It’s not the biggest or most impressive event on Vancouver Island, but the Haig-Brown Festival held each September in Campbell River resonates for the plain and simple fact that it is dedicated to paying tribute to a pair of local luminaries who contributed much to society.
Roderick Haig-Brown is best known for his contributions as one of Canada’s early conservationists in the 1930s. He was an avid fly fisherman, so the family’s 20-acre property and home along the banks of the Campbell River must have been the perfect venue. His beautiful study, which was open to the public during the festival, has walls lined with 4,000 books. It also contains the desk where he wrote (in longhand) 25 books and more than 200 papers. There are mementos from his fishing days, a fireplace and comfortable furniture that invites anyone entering to linger a while.
Although Roderick’s expertise in the wildlife conservation and fishing fields were the things that made his name familiar around the world, Haig-Brown was also a revered provincial court judge. His reputation in this discipline for fairness and common sense was legendary.
Ann Haig-Brown (nee Elmore), in addition to raising four children, typing her husband’s copious literary accomplishments, working at a local school and participating in the farming activities, was a great support for women and children who needed to leave abusive relationships. There was always sanctuary for victims of domestic violence at the Haig-Brown residence. As a result of her dedication to this cause (along with many others) the first transition house in the Campbell River area was named after her.
The Haig-Brown Festival has just celebrated its fourteenth year. It is a pretty low-key gathering on the grounds of the Haig-Brown residence, now an historic site operated by the Campbell River Museum.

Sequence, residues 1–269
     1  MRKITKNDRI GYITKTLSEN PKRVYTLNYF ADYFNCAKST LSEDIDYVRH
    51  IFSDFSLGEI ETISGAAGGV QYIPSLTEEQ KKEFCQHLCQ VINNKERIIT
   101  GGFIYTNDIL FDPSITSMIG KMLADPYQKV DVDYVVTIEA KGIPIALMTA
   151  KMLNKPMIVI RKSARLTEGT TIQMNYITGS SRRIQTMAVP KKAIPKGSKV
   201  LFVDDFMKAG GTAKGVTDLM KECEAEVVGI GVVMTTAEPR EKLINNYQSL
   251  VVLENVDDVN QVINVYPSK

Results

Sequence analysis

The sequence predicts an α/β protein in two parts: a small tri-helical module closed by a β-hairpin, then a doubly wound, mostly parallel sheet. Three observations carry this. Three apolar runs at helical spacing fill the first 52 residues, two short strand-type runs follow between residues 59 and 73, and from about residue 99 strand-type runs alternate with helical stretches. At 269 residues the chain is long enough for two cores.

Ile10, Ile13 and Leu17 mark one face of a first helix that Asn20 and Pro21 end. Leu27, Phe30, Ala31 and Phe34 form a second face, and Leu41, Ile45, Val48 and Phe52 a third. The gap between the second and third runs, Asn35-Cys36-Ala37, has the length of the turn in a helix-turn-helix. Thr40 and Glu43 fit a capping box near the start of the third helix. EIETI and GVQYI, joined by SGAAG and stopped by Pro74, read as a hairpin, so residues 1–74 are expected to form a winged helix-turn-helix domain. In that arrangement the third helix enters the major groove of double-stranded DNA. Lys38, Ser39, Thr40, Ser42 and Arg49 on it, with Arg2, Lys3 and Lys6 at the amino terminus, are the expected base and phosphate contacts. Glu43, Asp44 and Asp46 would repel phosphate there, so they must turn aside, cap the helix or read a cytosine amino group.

We found a number of tents lined up along the lower lawn, offering information and demonstrations for all ages. One enterprising fly fisherman had taken some of Haig-Brown’s fly designs, constructed them and presented them matted and framed. They were true works of art that would, I am sure, be a welcome addition to the home of any fly fishing enthusiast.
Several other booths displayed unique artisan efforts, and one vendor had a marvelous display of some of the books penned by Haig-Brown.
Representatives of the Campbell River and North Island Transition Society were also on hand to elucidate on Ann’s many contributions to their efforts. Their booth included a rare photo of Ann, along with a framed note that was sent after the opening of Ann Elmore House to let the society know that her home was still open to those needing shelter if the transition house couldn’t accommodate them. There are stories galore about this remarkable woman, who inspired her own share of reverence in the community for her many contributions.
Overall, the Haig-Brown Festival says as much about the couple’s continuing contributions as it does about Roddy and Ann themselves. He died in 1976, and Ann passed away in 1990. To the end though, they created legacies internationally and in their own community that continue to impress and inspire. Two lives, truly well lived.
Further information on some of the Haig-Brown heritage and contributions can be found at the following websites:
Haig-Brown Heritage House is located at 2250 Campbell River Road
GPS co-ordinates are:
Lat. 50.0345967625092 Long. -125.27904594999336
N 50 02.076 W 125 16.743